I never really considered myself an honest person.

I’ve been thinking about the traits I was proud of when I was younger. The ability to lie convincingly and without shame was one of them. Obviously, it isn’t exactly something someone should be proud of, but I was a good liar and it protected me. So yes, I was proud.

It’s been a few years since the days when I considered lying to be a skill, well-tuned and admired. I haven’t had to lie so much since. In fact, life has gone on fine with the simple truth. I’ve never been against the truth; more than once I have pointed out marks on tests that I was wrongly awarded, confessed to messes or mistakes I’ve made, or given up something personal about myself to someone I was not yet close with.

But there were times when a lie would have resulted in a justice where the truth wouldn’t have. There were times when a lie was the moral option. There were also times when no one believed the truth, and lying was the only option.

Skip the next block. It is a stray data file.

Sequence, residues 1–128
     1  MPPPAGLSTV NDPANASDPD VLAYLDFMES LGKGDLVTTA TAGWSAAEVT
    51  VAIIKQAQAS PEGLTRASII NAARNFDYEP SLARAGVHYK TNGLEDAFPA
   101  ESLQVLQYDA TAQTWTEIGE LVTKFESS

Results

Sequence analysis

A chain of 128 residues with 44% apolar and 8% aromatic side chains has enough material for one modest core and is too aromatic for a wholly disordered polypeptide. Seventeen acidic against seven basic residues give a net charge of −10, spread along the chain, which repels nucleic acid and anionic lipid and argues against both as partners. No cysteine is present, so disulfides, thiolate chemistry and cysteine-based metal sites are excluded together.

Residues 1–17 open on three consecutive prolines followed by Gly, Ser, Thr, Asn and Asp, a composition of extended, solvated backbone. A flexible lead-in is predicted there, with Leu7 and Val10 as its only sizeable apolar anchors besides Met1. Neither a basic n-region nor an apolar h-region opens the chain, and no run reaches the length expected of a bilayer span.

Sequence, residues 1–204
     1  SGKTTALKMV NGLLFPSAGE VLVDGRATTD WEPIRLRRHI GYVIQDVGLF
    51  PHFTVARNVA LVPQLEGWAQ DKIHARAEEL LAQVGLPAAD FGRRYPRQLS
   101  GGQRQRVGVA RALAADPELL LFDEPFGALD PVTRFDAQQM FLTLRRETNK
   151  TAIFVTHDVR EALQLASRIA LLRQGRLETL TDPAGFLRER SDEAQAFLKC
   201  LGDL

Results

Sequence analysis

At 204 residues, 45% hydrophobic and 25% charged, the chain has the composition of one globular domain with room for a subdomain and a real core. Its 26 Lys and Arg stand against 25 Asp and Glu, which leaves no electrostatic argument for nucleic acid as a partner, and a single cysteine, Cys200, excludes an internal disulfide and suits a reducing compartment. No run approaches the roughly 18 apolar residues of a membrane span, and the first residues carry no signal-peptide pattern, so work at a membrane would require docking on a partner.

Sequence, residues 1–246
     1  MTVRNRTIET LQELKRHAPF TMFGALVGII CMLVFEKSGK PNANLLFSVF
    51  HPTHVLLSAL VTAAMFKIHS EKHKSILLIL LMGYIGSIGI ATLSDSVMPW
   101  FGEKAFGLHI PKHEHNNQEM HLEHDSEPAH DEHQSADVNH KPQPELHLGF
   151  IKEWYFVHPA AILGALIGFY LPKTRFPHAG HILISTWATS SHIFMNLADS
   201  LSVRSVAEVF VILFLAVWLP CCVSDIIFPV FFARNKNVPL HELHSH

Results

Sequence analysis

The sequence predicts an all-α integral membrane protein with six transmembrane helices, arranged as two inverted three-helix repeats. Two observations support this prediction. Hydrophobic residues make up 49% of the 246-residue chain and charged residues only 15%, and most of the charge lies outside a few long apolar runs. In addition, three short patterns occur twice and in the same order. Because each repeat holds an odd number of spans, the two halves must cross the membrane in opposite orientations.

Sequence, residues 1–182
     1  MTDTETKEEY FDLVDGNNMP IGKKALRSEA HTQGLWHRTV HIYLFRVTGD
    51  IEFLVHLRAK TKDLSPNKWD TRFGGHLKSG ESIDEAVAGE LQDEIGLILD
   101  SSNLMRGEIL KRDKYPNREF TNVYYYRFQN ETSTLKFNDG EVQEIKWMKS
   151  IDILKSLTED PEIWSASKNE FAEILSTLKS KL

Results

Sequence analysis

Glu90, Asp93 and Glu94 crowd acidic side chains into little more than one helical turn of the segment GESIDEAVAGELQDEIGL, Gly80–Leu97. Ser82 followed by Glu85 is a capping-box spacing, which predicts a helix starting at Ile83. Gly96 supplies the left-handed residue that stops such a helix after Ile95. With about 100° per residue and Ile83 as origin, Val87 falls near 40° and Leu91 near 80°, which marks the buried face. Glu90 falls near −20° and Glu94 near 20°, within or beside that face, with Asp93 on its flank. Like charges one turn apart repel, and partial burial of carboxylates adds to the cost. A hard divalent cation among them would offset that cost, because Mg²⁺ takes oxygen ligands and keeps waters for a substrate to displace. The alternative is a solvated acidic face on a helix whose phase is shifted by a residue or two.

To many people who have never been in that sort of position, of course honesty would be the best policy. Anything but honesty is wrong. But there’s the grey area as well. Not everything is so black and white, and it is sometimes hard to judge what the best choice is. That’s where lying can be dangerous.

Recently, I’ve noticed a change in myself. I’m not so big on lying anymore. I avoid it if I can. Even when I tell a lie, my desire to tell the truth overrides the lie so that it is so poorly told it is impossible to believe.

I’m not someone who likes to be known, and this one small change in me has made that small life preference a bit more difficult. But maybe, just maybe, being known isn’t a bad thing.


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